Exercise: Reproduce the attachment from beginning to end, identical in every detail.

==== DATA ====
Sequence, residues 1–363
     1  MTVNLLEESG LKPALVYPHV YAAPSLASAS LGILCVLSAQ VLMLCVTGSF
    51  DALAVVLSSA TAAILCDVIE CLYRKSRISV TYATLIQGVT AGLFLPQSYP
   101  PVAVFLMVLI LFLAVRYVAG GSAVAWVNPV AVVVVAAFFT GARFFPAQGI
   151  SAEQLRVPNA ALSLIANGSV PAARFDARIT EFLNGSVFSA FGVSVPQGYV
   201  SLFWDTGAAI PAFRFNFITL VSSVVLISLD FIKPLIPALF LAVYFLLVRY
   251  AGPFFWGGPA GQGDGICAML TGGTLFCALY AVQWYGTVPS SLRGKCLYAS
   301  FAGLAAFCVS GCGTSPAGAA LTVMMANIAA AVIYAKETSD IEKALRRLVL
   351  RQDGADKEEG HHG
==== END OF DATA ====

Sequence, residues 1–363
     1  MTVNLLEESG LKPALVYPHV YAAPSLASAS LGILCVLSAQ VLMLCVTGSF
    51  DALAVVLSSA TAAILCDVIE CLYRKSRISV TYATLIQGVT AGLFLPQSYP
   101  PVAVFLMVLI LFLAVRYVAG GSAVAWVNPV AVVVVAAFFT GARFFPAQGI
   151  SAEQLRVPNA ALSLIANGSV PAARFDARIT EFLNGSVFSA FGVSVPQGYV
   201  SLFWDTGAAI PAFRFNFITL VSSVVLISLD FIKPLIPALF LAVYFLLVRY
   251  AGPFFWGGPA GQGDGICAML TGGTLFCALY AVQWYGTVPS SLRGKCLYAS
   301  FAGLAAFCVS GCGTSPAGAA LTVMMANIAA AVIYAKETSD IEKALRRLVL
   351  RQDGADKEEG HHG